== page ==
Last January, Austrian Toni Panholzer and partners made a series of attempts on that face. They got to within 200m of the summit climbing the East Face on its lower section, and then continuing directly up one of the two North dihedrals. Part of this 'corner system' was climbed by Giarolli-Orlandi. We initially thought of following that line but the insecure nature and the difficulty of the route prompted us to change our minds.

As Bruno Detassis once suggested, we tried to search for lines of weakness through the difficult sections. I really would have liked to find one of those pegs Maestri claims to have used. We found some of them in the 300m lower dihedral , but nothing else above that. Had I found something - not necessarily close to the summit, but even just beyond the first snow field - it would have been enough for me and for the mountaineering skeptics. Not having found anything doesnt necessarily mean we can be sure they didnt summit, though.

But the doubt, permit me to say, still remains.

Ermanno Salvaterra.

In 1959 Cesare Maestri, Toni Egger and Cesarino Fava set out for Cerro Torre. At the Collado de la Conquista (Conquest Col), Fava gave up and descended. Maestri and Egger reportedly continued, scaling the full remaining 700 meters to the top of the North face in only 2,5 days. On descent, an avalanche took Eggers life and the camera with the summit pictures.

Ever since then, controversy has surrounded the climb - due to the lack of proof, the short time spent on the wall, and the fact that other teams attempting the route in following years (Ermanno among them) never found pegs or rests of climbing gear above the col.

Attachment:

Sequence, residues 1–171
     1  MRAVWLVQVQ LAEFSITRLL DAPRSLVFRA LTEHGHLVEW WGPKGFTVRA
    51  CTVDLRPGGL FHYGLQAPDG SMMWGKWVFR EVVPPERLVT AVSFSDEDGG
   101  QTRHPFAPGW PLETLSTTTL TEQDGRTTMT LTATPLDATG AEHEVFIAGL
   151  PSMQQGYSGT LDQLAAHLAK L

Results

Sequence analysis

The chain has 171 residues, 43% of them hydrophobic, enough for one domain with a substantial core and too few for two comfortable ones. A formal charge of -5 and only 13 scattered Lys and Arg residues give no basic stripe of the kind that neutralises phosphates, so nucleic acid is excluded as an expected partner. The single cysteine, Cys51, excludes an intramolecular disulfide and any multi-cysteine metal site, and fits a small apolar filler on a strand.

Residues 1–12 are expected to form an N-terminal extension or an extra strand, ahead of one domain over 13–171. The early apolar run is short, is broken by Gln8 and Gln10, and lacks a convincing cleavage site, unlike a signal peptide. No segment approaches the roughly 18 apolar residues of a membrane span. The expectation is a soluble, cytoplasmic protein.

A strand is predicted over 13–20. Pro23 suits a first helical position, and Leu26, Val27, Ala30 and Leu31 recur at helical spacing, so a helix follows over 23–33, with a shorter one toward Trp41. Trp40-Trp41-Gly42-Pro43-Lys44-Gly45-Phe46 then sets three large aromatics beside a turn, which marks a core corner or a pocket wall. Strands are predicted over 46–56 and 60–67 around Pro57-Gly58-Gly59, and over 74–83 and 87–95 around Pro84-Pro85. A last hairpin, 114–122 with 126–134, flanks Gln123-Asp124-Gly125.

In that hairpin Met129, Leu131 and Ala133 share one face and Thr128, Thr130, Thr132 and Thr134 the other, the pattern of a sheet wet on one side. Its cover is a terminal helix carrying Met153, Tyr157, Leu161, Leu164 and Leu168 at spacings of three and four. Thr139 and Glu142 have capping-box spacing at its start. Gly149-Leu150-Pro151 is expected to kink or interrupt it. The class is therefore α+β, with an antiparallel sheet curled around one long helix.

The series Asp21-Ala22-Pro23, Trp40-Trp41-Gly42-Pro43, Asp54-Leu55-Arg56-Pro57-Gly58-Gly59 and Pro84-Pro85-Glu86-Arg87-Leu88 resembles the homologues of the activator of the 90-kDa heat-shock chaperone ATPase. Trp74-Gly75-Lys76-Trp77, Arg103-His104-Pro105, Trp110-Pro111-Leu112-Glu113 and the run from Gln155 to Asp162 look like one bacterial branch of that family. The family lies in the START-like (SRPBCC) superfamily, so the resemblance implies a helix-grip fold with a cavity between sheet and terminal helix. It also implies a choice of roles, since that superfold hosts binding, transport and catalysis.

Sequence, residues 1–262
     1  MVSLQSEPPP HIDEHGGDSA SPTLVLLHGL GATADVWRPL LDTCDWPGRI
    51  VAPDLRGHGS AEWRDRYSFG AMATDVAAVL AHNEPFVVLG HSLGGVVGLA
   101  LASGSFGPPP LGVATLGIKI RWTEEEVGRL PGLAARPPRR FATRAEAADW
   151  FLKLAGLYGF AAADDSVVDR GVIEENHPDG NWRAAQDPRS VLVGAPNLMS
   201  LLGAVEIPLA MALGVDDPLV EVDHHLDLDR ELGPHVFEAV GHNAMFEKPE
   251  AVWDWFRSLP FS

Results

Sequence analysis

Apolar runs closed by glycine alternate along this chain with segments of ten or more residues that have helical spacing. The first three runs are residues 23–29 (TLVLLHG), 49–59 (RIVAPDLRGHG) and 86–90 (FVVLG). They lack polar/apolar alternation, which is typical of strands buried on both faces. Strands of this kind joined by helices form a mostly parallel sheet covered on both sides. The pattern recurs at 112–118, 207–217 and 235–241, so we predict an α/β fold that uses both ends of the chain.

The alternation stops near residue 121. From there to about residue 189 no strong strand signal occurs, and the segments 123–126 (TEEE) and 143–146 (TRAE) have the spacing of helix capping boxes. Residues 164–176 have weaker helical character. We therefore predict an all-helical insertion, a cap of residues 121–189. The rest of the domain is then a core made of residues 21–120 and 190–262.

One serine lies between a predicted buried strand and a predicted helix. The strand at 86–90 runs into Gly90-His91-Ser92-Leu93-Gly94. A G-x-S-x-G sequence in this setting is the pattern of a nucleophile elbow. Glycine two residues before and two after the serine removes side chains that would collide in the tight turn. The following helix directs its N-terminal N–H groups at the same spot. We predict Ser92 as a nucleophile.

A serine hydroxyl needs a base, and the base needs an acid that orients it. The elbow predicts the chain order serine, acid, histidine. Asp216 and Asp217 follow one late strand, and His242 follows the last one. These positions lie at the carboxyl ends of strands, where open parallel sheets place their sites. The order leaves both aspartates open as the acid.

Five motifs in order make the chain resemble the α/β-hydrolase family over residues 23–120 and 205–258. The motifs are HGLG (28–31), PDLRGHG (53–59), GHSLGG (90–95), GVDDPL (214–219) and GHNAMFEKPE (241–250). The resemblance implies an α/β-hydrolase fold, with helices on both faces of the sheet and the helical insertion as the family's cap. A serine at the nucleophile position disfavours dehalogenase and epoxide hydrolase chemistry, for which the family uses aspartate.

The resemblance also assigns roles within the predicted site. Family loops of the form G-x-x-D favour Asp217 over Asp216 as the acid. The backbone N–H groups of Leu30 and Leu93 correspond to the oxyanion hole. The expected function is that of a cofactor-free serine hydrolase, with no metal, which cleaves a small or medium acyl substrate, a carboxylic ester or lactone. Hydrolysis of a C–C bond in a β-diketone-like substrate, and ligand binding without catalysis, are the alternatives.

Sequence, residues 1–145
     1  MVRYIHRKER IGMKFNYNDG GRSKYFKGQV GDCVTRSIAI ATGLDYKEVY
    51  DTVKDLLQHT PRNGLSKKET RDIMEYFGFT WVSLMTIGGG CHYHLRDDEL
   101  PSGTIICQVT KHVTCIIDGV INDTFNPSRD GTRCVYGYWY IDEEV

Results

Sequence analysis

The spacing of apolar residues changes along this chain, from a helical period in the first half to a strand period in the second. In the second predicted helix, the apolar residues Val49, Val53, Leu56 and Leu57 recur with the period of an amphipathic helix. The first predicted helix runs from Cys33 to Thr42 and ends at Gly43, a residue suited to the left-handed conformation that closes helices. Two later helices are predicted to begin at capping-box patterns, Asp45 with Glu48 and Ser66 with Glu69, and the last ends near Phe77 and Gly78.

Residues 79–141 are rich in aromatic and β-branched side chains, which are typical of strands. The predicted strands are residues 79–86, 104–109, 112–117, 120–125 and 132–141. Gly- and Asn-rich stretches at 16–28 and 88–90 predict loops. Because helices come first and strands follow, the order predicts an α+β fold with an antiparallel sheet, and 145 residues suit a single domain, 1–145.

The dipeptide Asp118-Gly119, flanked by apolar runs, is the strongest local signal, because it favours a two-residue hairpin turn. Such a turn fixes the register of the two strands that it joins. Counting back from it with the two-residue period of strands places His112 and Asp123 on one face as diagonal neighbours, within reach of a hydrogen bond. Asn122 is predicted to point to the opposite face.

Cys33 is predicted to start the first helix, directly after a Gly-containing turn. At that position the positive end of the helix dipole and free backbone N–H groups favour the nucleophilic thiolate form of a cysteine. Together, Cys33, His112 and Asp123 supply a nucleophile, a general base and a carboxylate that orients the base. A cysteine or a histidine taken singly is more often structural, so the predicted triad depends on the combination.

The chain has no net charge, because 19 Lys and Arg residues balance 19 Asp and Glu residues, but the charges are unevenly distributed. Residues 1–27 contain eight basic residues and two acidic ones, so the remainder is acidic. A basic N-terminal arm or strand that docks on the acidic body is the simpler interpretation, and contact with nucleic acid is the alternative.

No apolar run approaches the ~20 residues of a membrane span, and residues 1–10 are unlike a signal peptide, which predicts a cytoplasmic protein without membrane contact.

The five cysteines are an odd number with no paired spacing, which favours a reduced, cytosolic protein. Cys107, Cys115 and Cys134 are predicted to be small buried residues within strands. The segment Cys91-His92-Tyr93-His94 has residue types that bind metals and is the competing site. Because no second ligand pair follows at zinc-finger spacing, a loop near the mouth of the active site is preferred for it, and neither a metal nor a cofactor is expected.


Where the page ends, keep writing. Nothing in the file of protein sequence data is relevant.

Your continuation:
Maestri said that the climb took place mostly on ice, which is why the climb had been so fast and left no traces of pegs on the wall.

In 2004, Ermanno Salvaterra, 50, and Alessandro Beltrami, 24, opened a new route on Cerro Torre. The climb on the East face was named Quinque Annos ad Paradisum (Five years in Paradise).

This year, Ermanno, Alessandro, and Colorado climber Rolando Garibotti, came back for the North face, to retrace Maestris footsteps. In the end, the trio climbed a new route which progresses through the North and West faces. They have named it "El Arca de los Vientos" (The Arc/Chest of the winds).

Ermanno Salvaterra, born January 21, 1955, in Pinzolo (Trent, Italy), completed his first true climb up the Torri d'Agola spires (2,850 m) in the Dolomites at only 11 years of age. In 1982, Salvaterra embarked on his first journey to the Southern region of the Andes. He climbed Cerro Torre and reached the compressor sitting 50 meters from the legendary summit. One year later, he went back and made it all the way to the top in tandem with Maurizio Giarolli.

A failed attempt on Makalu seemingly discouraged him from Himalayan climbing. Instead he discovered a new hobby: Speed skiing. In 1988, he set the Italian record at 211.64 km/h. But he could never forget Patagonia, where he has done 21 expeditions since.

Salvaterra runs the XII Apostoli mountain refuge in the Dolomite Mountains near Brenta, where he also works as a ski instructor and mountain guide.

Alessandro Beltrami, 24, is an alpine guide and avid rock climber. He was Ermannos mate on the route opened on Torre in 2004.

Rolando Garibotti, 30, is an Italian-born Argentinean living in Boulder, Colorado (US). Rolando is an expert in both high-grade-difficulty and speed climbing. His CV includes an impressive array of ascents and traverses in the Alps, Jordan, Patagonia (Cerro Torre Fitz Roy Anguille Mermoz), Alaska (he scaled Mount Foraker's Infinite Spur in 24 hours), Canada (Weeping Wall/Weeping Pillar and Slipstream), and Wyoming's Tetons (where he recently broke the Grand Traverse speed record).